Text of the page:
Posted in Clutter

Turning Clutter Into Cash

When I get rid of clutter, I want to be rid of it, to not see it again, sometimes because I’m afraid I’ll change my mind, and other times because I just want to consider my decluttering effort a job that’s done and can be checked off my list.

But I did invest in all those things at one point, and I can see why it would be wise to sell some of the things I’ve decided to give up instead of just donating them wherever. This article about turning clutter into cash has some great ideas. Will I do it next time? We’ll see! How about you? Have you done this before, and was it worth the effort?

Posted in Clutter, Smile

Give While You Live

Years ago, there was a very wealthy man named Percy Ross who decided to devote the rest of his life to giving away his money. With some secretarial help, he read letters he received from people who wanted some of his cash, and decided whose situations were most worth supporting financially.

Those letters were part of a syndicated column that I used to read. One of the things I remember him saying repeatedly was “He who gives while he lives, knows where it goes.”

This isn’t just true of cash; it’s also true of stuff. We all have treasured possessions, our own or inherited from people who were special to us, that we just can’t give up. There’s nothing wrong with that, of course, but what will happen to those items after we pass away? What if our heirs drop those items off at the Goodwill, or worse, hurriedly toss them in a dumpster because our house needs to be emptied and sold by a certain date?

The answer to this dilemma, of course, is to give those items to people we care about before we die. Rather than let things remain stored away or just collect dust, we can give them to people who might actually use them.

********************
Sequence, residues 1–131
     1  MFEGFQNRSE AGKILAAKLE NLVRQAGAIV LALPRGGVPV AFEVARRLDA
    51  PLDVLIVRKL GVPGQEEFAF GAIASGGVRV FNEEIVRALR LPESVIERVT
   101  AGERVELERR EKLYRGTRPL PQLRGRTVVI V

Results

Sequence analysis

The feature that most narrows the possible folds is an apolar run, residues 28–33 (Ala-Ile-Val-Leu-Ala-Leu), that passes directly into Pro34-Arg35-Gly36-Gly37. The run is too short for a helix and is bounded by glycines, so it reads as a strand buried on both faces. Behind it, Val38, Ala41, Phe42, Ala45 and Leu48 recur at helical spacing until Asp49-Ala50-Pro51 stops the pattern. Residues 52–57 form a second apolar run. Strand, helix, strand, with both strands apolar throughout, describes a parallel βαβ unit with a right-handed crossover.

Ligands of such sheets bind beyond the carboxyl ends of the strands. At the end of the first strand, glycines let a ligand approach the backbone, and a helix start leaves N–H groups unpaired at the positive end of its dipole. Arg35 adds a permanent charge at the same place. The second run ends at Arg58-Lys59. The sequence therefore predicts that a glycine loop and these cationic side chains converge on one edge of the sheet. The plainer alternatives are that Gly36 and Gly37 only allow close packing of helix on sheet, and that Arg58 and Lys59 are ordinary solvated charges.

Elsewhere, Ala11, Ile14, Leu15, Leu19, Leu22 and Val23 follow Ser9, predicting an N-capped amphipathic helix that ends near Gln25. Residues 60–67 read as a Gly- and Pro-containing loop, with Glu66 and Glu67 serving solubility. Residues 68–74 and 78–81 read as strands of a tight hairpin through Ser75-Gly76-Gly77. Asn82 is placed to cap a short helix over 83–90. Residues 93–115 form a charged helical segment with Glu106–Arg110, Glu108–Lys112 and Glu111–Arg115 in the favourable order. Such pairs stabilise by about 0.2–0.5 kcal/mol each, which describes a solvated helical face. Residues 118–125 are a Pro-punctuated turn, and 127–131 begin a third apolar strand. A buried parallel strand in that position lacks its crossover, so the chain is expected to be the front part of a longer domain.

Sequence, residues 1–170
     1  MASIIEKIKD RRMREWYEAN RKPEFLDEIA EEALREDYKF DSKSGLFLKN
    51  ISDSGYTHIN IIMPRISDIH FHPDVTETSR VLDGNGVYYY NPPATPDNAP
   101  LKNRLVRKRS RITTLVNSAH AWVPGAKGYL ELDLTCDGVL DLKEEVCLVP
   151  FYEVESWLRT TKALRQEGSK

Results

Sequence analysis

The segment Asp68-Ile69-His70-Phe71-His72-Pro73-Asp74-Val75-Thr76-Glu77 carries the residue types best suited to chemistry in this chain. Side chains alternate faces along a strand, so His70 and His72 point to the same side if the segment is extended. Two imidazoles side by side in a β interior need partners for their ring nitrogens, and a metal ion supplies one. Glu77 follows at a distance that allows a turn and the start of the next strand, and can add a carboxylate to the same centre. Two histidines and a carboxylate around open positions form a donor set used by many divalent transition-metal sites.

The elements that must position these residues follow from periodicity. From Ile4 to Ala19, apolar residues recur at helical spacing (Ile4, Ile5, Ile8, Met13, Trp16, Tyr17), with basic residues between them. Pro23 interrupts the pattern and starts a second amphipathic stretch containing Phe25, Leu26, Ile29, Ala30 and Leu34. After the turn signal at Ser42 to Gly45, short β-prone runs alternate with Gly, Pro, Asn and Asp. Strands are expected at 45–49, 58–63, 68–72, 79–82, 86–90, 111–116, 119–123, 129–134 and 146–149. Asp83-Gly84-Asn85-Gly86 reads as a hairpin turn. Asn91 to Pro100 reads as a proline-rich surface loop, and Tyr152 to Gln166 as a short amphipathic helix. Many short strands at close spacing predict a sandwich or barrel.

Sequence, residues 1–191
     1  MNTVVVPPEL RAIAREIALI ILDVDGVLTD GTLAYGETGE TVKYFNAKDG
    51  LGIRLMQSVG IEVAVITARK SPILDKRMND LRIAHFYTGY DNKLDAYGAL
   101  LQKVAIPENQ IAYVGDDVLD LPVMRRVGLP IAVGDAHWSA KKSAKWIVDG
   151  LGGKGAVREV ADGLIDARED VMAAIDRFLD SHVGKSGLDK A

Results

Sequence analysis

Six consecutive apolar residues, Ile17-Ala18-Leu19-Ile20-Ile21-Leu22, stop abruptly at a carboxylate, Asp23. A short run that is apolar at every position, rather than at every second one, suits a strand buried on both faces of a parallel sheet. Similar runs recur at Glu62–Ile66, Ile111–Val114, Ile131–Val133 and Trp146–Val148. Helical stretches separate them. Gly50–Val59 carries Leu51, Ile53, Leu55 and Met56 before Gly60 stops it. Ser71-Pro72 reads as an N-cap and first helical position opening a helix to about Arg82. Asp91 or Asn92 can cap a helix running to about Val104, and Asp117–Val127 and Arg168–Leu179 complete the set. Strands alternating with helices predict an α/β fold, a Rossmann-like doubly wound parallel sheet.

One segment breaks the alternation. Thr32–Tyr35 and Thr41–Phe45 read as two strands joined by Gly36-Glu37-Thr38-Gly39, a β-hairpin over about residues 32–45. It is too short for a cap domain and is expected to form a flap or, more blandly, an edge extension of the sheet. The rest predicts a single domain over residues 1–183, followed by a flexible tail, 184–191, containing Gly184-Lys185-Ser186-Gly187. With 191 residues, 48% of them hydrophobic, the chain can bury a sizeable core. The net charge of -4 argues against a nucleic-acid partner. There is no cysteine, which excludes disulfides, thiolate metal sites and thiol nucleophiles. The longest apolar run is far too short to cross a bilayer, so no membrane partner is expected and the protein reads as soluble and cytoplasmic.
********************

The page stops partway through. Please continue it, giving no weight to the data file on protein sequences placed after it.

Yes, it’s hard to part with such items. But you can always take photos of them so you can look at them when you wish; meanwhile the actual items might go on to have a little longer useful life and become valuable to someone else. Sure beats having your treasures wind up in a landfill.

Posted in Clutter, Simpler Living, Small-House Living

When Decluttering Isn’t

I always thought decluttering meant ending up with less stuff. At least that’s how I do it. But buying organizers for 30 different tea bags or repackaging food that already comes in perfectly good containers seems wasteful to me. If you have less stuff, you’ll have less to organize (and to buy organizational systems for!)

It’s all about freedom; the less stuff you have, the less time you spend organizing it, so you’re free to do what you really want to do (unless you really want to organize tea bags, in which case, knock yourself out!)

Posted in Clutter

She Just Keeps Stacking

I have a relative who easily qualifies as a hoarder. She has stuff everywhere: stacked up against furniture, stacked on the counters, stacked in closets. She keeps all four bedroom doors closed when we come over; I can guess why. Behind her shower curtain (yes, I peeked) is a stack of wet towels piled as high as my hip.

That word stacked is significant here. She has run out of places to put things so she just stacks them wherever she can. I find it very alarming. I think it sets off my claustrophobia to see so much stuff at one time, all those stacks.

Once when we were visiting, a bunch of stuff suddenly fell off the top of a bookcase, startling everyone. She was embarrassed, and I felt bad for her. That was a few years ago, and there is still a stack on that bookcase.

Back when I had a big house and lots of kids, and lots of their clutter in addition to my own, I was not a stacker. My counters were fairly clear, my end tables uncluttered, and my bookcases topped by one or two decorative items. You would never know that I had a lot of stuff because it was all in my basement. I regularly cleared out the living areas, but having no time to go through everything, just put it all in the basement and the crawl space.

This worked fine until we suddenly sold our house and had less than a month to get out. There was no time to go through anything, much less everything. We lugged it all out of the basement, into trucks, and off to storage, then spent the next couple of years going through it, and eventually selling or donating the lions’ share of it.

It’s not as though I forgot all that stuff was down there. In fact, I used to dream about burning everything in the basement so I wouldn’t have to deal with it. The problem was that I knew about 10% of the stuff was either important papers or treasured keepsakes. I just never had time to find those things until I was forced to.

This is the problem with my relative. She is not a particularly busy person; she doesn’t work and her kids are grown. She just hasn’t been forced to deal with her clutter. And so she continues to stack it to the ceiling. *Shudder*